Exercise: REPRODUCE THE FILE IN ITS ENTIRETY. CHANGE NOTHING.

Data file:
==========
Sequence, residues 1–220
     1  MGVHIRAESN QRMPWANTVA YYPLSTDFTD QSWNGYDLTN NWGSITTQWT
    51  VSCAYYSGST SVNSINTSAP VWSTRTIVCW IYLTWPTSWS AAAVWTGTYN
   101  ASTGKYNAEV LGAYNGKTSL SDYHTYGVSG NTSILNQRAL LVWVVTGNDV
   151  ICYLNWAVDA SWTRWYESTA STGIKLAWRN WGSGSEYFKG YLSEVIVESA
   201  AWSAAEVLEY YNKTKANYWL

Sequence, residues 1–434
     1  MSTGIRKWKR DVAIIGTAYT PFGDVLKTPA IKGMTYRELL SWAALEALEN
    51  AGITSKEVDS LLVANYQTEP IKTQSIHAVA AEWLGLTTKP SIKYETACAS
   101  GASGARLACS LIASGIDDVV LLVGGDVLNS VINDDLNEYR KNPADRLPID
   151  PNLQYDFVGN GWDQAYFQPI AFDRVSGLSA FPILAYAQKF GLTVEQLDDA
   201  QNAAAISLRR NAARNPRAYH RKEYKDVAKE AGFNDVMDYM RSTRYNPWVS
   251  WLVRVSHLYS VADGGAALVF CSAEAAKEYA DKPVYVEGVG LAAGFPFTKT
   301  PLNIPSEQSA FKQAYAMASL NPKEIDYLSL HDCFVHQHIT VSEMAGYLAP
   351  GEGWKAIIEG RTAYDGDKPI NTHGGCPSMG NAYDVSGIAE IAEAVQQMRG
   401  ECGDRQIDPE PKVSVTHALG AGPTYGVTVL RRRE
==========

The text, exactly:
Sequence, residues 1–220
     1  MGVHIRAESN QRMPWANTVA YYPLSTDFTD QSWNGYDLTN NWGSITTQWT
    51  VSCAYYSGST SVNSINTSAP VWSTRTIVCW IYLTWPTSWS AAAVWTGTYN
   101  ASTGKYNAEV LGAYNGKTSL SDYHTYGVSG NTSILNQRAL LVWVVTGNDV
   151  ICYLNWAVDA SWTRWYESTA STGIKLAWRN WGSGSEYFKG YLSEVIVESA
   201  AWSAAEVLEY YNKTKANYWL

Sequence, residues 1–434
     1  MSTGIRKWKR DVAIIGTAYT PFGDVLKTPA IKGMTYRELL SWAALEALEN
    51  AGITSKEVDS LLVANYQTEP IKTQSIHAVA AEWLGLTTKP SIKYETACAS
   101  GASGARLACS LIASGIDDVV LLVGGDVLNS VINDDLNEYR KNPADRLPID
   151  PNLQYDFVGN GWDQAYFQPI AFDRVSGLSA FPILAYAQKF GLTVEQLDDA
   201  QNAAAISLRR NAARNPRAYH RKEYKDVAKE AGFNDVMDYM RSTRYNPWVS
   251  WLVRVSHLYS VADGGAALVF CSAEAAKEYA DKPVYVEGVG LAAGFPFTKT
   301  PLNIPSEQSA FKQAYAMASL NPKEIDYLSL HDCFVHQHIT VSEMAGYLAP
   351  GEGWKAIIEG RTAYDGDKPI NTHGGCPSMG NAYDVSGIAE IAEAVQQMRG
   401  ECGDRQIDPE PKVSVTHALG AGPTYGVTVL RRRE